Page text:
For the aforementioned reasons, we advocate limiting the scope of the Directive (Art. 1) to abusive court proceedings and not include "manifestly unfounded proceedings". In this context, it seems inconsistent that the possibility of early termination of manifestly unfounded court proceedings provided for in Chapter III requires, by definition, an examination of the merits, but that this should not apply to abusive court proceedings against public participation, for which sanction options are provided for in Chapter IV instead. According to its explanatory memorandum, the Directive is intended to provide protection against the latter in particular. However, there is a fundamental need for legal protection for court proceedings that may be manifestly unfounded without being abusive at the same time. Clarifying the merits of a claim or application is precisely the core task of state courts. Irrespective of the fact that the scope of application should therefore be restricted to abusive court proceedings in our view, so as not to disproportionately restrict the legal protection of citizens seeking justice, no separate regulations appear necessary in Germany under Chapter III. This is because in the case of obvious unfoundedness - i.e. if the action is inconclusive from the outset - the judge will usually issue an appropriate notice to the party bringing the action at the beginning of the proceedings and order the withdrawal of the action, or otherwise set an early oral hearing.


2. Restrictions on civil legal protection in Germany

The European Commission's proposal for a directive would result in considerable restrictions on legal protection in Germany in an area that is particularly sensitive to fundamental rights.

a. Classification of "normal" procedures as abusive, Art. 3 (3)

According to Art. 3 (3) of the Proposed Directive, almost any press or expression dispute requesting an injunction against reporting and claiming a violation of the General Right of Personality would be classified as "abusive judicial proceedings against public participation." This is because the primary purpose of a motion or action to prohibit certain press coverage for violations of the General Personality Law is precisely to "prevent, limit, or sanction public participation," as the proposal states. Since in such cases the courts must evaluate each expression in dispute by carefully weighing the legal interests of both parties to the proceedings, i.e., in particular, they must legally balance any violations of the general right of personality on the one hand with the freedom of expression and the freedom of the press on the other, in a large number of cases the action or application is only partially justified. According to the general definition in Art. 3 (3) p. 1 of the Directive, this would always be classified as abusive, although the examples in p. 2 suggest that such cases are not likely to be meant by this. In order to clarify that such cases are not covered, the definition in Art. 3 (3) p. 1 should be revised, which could be achieved, for example, by inserting the word "abusively" between "main purpose to" and "prevent".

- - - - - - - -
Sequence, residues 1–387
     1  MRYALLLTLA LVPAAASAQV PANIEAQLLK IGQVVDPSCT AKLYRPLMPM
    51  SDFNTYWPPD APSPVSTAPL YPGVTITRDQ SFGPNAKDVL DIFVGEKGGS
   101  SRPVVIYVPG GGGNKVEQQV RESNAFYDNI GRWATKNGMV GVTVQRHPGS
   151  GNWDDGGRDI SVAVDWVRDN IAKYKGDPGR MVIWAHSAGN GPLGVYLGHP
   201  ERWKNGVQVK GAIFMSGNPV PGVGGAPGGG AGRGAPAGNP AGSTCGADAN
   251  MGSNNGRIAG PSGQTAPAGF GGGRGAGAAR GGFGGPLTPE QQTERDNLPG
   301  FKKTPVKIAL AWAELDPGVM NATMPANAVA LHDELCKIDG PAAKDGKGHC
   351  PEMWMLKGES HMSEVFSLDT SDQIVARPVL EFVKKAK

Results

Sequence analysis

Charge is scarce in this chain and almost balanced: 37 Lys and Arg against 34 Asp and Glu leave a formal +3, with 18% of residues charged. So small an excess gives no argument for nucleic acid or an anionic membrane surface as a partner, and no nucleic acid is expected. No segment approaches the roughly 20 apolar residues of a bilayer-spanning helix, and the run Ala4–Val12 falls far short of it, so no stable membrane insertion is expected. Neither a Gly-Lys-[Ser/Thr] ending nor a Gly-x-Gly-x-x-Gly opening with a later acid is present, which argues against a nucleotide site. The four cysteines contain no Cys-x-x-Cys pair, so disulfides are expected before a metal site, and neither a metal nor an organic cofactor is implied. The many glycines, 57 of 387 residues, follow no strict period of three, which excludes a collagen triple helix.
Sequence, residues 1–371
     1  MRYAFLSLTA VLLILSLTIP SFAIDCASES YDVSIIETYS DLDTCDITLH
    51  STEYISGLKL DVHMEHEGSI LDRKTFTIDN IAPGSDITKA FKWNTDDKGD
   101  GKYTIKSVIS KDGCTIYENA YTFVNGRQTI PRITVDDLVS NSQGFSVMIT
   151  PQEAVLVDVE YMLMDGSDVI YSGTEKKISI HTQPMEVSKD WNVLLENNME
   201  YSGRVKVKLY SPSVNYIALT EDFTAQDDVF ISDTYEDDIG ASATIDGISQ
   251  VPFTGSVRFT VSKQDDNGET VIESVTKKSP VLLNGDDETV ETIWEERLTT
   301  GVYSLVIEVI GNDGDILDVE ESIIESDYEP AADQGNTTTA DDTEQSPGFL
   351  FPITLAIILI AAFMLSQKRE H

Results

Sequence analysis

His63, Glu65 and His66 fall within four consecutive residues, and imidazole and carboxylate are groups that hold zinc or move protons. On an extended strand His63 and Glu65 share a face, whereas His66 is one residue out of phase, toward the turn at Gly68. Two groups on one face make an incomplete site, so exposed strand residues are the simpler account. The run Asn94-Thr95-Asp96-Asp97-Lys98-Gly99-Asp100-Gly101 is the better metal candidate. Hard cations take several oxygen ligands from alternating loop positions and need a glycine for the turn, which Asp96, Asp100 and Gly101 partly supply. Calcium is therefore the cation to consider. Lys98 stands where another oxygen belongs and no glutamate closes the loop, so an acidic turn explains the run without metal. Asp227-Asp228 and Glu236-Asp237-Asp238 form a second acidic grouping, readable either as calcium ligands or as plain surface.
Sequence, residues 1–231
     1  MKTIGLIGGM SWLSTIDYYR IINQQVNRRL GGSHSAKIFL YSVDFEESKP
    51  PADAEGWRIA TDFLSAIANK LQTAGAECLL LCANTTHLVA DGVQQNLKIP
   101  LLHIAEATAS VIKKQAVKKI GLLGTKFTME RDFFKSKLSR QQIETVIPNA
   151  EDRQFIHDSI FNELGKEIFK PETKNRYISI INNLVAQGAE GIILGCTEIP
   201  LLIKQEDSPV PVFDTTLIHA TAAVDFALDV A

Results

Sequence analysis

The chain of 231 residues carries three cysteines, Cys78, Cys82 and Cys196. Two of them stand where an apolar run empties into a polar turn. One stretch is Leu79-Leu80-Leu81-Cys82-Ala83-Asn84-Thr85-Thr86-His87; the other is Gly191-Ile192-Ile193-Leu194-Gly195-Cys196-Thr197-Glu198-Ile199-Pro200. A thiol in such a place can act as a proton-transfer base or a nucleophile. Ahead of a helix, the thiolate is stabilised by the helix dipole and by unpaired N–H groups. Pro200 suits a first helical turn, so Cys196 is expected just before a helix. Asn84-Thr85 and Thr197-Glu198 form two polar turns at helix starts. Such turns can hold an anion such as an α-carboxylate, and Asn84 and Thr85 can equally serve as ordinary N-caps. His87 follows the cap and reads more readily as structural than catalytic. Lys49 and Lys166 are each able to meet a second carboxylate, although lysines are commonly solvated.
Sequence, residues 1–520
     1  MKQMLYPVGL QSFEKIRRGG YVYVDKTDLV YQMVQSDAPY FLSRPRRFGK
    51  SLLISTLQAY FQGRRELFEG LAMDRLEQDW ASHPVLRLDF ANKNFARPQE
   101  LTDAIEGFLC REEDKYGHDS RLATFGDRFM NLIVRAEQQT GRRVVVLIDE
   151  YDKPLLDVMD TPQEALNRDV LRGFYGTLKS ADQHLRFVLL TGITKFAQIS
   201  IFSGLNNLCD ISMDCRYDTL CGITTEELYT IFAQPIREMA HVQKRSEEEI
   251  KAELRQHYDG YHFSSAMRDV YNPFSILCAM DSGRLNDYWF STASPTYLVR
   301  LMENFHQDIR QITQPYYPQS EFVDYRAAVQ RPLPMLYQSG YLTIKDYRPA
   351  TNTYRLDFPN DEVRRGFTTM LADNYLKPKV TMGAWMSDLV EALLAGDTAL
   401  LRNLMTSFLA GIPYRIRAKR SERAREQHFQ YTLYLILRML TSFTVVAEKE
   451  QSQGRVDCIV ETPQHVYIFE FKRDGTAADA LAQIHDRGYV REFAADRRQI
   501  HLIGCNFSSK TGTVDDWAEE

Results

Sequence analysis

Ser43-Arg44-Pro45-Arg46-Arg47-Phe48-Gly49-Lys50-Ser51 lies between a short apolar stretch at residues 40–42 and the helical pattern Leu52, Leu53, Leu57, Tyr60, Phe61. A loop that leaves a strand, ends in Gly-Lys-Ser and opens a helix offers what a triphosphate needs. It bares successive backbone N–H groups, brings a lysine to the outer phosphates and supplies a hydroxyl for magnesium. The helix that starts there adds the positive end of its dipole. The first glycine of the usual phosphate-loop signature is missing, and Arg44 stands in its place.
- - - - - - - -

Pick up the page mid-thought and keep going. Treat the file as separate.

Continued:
b. Obstruction of urgent legal protection by Art. 10

The suspension of the main proceedings provided for in Art. 10 can be abused to delay decisions in interim proceedings.

In order to assert violations of the general right of personality caused by public statements in court and to prevent further violations of rights in a timely manner, it is possible in Germany to apply for the issuance of an interim injunction, according to which the party opposing the application - usually a publishing house or other media company, in some cases also individuals - must refrain from making the corresponding statements. This urgent legal protection, which in civil court practice in Germany is granted particularly swiftly and effectively in view of possible violations of rights protected by fundamental rights, could in fact be nullified by the suspension of the main proceedings provided for in Art. 10. This is because Article 10 provides that already when an application under Article 9 for early termination is filed, the main proceedings are to be suspended until a final decision is made on this. Even if the decision on this would have to be dealt with expeditiously under Art. 11, the final decision may take some time because of the possibility of appeal under Art. 13 and the necessity of granting a hearing in both instances. During this entire period, the main proceedings would have to be suspended according to Art. 10, which, according to the current wording of the regulations, would also include fast-track proceedings. Thus, even if an application under Article 9 were manifestly unfounded, it could be filed solely with the aim of obtaining a stay of the main proceedings under Article 10 and thus continuing a coverage that might violate the applicant party's fundamental rights until the final decision on the application under Article 9.